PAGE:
Campus Life

Finding success in a male dominated industry: Phoebe Robinson’s story

by Alena Blanes

“Success is not always going to be what you envision it to be. If you allow yourself to be open, it really helps you in the long run.” — Phoebe Robinson

Infectious energy, unwavering passion and a smile that lights up the room–those were my first impressions of Phoebe when we met. With a wealth of incredible stories and a beautiful presence, she was the perfect guest at IGNITE’s International Women’s Day event this year.

Before she hit the stage with YouTuber and host, Jouelzy, we chatted with Phoebe on her comedy career, overcoming challenges as a female in the industry and finding confidence.

Here’s what she had to say:

Phoebe Robinson smiles onstage

For a lot of women, it can often feel as if we’re just not enough. Not enough for that job, that piece of clothing, or another person. But this mentality is incredibly damaging. For Phoebe, International Women’s Day is a time to brush off the negativity and applaud our fellow females. “Any time women can be shouted out and celebrated, I’m down for that,” she said. While social media is a great outlet for women to express their power and establish themselves it’s easy to forget it wasn’t always this way. “I think beyond the ‘ra-ra’ and the t-shirts and the good feelings, a lot of times, women’s contributions aren’t fully acknowledged.”

After all, they aren’t just women’s issues, they’re everyone’s issues.

Thankfully, the rapid development and return of new technologies such as podcasts, publications and web series have stripped the veil and provided safe platforms for many women. “I think there’s a lot that needs to happen, but I’m very inspired by how technology has levelled the playing field,” she said.

Phoebe and Joulezy on stage

As a seasoned writer and comedian, Phoebe experienced the ups and downs of the industry firsthand. The need to always be hustling is a common feeling for a lot of us. Grind mentality is no joke. Yet often it’s easy to get lost in the blind pursuit of success, which can at times burn out as pipe dreams.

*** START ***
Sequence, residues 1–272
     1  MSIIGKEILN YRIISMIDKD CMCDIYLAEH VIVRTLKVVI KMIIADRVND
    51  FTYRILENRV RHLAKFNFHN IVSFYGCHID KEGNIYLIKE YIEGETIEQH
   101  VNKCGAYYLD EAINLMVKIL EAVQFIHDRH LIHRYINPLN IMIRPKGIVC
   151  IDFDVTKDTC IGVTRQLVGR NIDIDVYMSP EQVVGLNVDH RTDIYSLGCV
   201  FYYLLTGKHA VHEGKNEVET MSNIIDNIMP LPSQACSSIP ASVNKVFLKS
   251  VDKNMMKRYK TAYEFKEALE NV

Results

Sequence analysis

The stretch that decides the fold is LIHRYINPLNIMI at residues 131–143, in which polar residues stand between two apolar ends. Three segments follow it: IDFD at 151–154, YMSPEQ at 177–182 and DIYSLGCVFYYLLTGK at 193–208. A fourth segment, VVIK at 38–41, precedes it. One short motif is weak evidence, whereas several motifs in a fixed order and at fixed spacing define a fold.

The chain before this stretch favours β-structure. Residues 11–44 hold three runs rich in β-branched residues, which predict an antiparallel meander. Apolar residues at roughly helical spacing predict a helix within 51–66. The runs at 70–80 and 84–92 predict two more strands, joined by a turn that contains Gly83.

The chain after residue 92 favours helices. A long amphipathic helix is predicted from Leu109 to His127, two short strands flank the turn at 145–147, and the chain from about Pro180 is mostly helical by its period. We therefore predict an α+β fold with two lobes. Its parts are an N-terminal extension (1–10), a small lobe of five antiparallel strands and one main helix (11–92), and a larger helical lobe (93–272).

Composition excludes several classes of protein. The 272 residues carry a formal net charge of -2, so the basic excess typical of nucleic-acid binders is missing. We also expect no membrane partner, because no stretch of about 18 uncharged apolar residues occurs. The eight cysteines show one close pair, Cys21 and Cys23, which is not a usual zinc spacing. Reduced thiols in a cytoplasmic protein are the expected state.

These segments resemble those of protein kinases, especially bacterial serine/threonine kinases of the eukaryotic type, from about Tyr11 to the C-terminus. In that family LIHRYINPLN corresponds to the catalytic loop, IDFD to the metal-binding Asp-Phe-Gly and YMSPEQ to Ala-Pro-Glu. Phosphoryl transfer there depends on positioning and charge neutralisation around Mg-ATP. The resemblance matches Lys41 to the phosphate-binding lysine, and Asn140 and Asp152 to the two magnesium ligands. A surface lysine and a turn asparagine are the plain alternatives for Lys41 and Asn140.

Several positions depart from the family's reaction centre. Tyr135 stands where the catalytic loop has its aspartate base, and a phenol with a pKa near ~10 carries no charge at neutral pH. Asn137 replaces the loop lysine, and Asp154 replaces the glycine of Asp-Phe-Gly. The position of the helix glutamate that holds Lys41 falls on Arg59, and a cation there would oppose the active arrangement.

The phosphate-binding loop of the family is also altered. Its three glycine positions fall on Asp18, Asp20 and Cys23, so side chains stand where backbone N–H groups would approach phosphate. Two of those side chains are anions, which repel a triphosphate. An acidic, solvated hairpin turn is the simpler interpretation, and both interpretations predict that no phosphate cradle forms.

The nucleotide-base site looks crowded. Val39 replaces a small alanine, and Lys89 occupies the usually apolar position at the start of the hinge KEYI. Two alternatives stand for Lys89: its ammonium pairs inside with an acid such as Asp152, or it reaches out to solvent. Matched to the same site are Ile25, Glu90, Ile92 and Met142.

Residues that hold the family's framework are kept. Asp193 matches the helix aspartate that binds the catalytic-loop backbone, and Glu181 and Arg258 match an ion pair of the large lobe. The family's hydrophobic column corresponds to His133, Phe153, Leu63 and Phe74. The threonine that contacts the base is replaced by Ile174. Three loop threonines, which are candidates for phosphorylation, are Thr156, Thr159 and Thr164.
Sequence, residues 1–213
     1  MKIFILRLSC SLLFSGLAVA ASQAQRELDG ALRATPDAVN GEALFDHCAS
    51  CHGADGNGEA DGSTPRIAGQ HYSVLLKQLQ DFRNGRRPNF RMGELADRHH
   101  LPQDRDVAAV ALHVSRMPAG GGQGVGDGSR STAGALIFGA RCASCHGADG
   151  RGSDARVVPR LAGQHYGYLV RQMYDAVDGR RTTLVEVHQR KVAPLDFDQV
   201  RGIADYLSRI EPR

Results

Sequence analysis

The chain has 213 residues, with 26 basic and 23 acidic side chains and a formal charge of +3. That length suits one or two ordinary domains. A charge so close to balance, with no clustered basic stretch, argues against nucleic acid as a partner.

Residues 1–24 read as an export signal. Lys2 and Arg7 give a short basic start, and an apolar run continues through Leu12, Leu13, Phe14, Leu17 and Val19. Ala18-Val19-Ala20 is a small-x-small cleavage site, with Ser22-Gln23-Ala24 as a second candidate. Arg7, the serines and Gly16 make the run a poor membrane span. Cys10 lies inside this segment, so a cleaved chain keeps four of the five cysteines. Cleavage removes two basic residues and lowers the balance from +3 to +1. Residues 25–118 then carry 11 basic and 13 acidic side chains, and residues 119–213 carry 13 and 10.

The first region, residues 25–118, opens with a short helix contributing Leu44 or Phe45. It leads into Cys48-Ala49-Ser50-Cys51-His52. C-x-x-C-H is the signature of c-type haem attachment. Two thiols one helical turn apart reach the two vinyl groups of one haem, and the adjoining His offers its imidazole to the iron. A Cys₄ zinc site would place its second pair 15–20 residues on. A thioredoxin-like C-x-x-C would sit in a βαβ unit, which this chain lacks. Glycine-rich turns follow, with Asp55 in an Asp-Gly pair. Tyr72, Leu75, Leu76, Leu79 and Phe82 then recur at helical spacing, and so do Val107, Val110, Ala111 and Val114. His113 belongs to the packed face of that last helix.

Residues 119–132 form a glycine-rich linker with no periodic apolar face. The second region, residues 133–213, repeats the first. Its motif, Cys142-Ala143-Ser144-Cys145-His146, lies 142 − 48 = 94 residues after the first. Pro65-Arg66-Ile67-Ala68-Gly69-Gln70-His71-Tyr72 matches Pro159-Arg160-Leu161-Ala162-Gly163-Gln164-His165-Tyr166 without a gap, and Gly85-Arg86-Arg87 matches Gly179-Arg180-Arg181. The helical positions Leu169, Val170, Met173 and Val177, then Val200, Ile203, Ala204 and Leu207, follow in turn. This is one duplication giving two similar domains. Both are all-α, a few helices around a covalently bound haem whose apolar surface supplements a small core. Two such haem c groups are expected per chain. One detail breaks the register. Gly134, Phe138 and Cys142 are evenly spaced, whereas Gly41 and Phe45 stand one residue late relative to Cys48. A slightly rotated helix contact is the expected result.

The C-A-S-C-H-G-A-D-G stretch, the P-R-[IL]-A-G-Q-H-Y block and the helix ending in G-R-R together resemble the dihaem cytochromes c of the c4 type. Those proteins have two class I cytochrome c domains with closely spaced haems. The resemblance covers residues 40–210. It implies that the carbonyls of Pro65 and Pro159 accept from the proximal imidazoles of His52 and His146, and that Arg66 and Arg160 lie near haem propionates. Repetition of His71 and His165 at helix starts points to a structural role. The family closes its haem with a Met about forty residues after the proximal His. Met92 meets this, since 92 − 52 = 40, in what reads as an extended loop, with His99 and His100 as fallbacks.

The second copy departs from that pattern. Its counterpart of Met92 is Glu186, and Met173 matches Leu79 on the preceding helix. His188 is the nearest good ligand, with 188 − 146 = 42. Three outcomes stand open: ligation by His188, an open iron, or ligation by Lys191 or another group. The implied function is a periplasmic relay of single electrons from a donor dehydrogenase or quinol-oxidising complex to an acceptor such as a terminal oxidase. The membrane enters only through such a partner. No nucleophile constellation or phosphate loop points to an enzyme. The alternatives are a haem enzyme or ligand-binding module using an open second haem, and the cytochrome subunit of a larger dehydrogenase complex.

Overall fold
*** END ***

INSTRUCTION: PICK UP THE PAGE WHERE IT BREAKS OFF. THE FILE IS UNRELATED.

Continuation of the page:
For her, taking a step back and confronting the big picture was game-changing. “I had to take the timeline away, focus on the craft, have patience, and be positive and do the work,” she said. “Success is not always going to be what you envision it to be. If you allow yourself to be open, it really helps you in the long run. And you can accomplish things that you didn’t dream of initially.”

Of course, her success as a two-time writer, podcast queen, and Netflix star did not come without tireless nights and a whole lotta WORK. After a conversation with a friend, Phoebe realized she may have been spreading herself too thin by saying ‘yes’ to as many opportunities as possible. “As a workaholic, that’s really hard, because you want to do everything,” she laughed.

These days, Phoebe is actively trying to balance her fiery passion with efficiency. “I want to be able to give everything I do 100% of me, rather than just being fully distracted.”

Phoebe Robinson onstage

Since adapting to the industry culture and carving a place for herself, Phoebe feels right at home. “I would say I’m more confident for sure,” she said.

But in an industry flooded with straight, white men she often felt unworthy and inadequate. With persistence and experience, she slowly settled in. “I think I have more fun now,” she said. “I’m less in my head and more in the moment. And I think that comes from finding your voice. It comes from trusting the process and remembering that the audience is showing up to feel good. So, if they feel your anxiety and they feel your stress, that’s going to put them on edge.”

Not only is she absolutely stunning and hilarious, but she has a positive mind that speaks volumes. Nearing the end of our interview, I asked if she had any mantras she lives by. Quickly scrolling through her phone, she came across this post she had screenshotted from Instagram: weak people revenge, strong people forgive, and intelligent people ignore.

“I think we’re in such an age where everyone’s gotta clap back, and if someone says something catty to you, then you have to shut them down and embarrass them,” she said. “But I’m trying to be in a place where I move forward as if I didn’t read whatever petty comment tried to come my way.”

From crowd surfing with Kevin Bacon and podcast partner, Jessica Williams in LA to writing You Can’t Touch My Hair (And Other Things I Still Have to Explain) and Everything’s Trash, But It’s Okay, it seems there’s no slowing down for this self-made sensation. For the latest from Phoebe Robinson, make sure to follow her on Instagram.

Keep shining, you Dope Queen!


Check out our interview with YouTube sensation, Joulezy.

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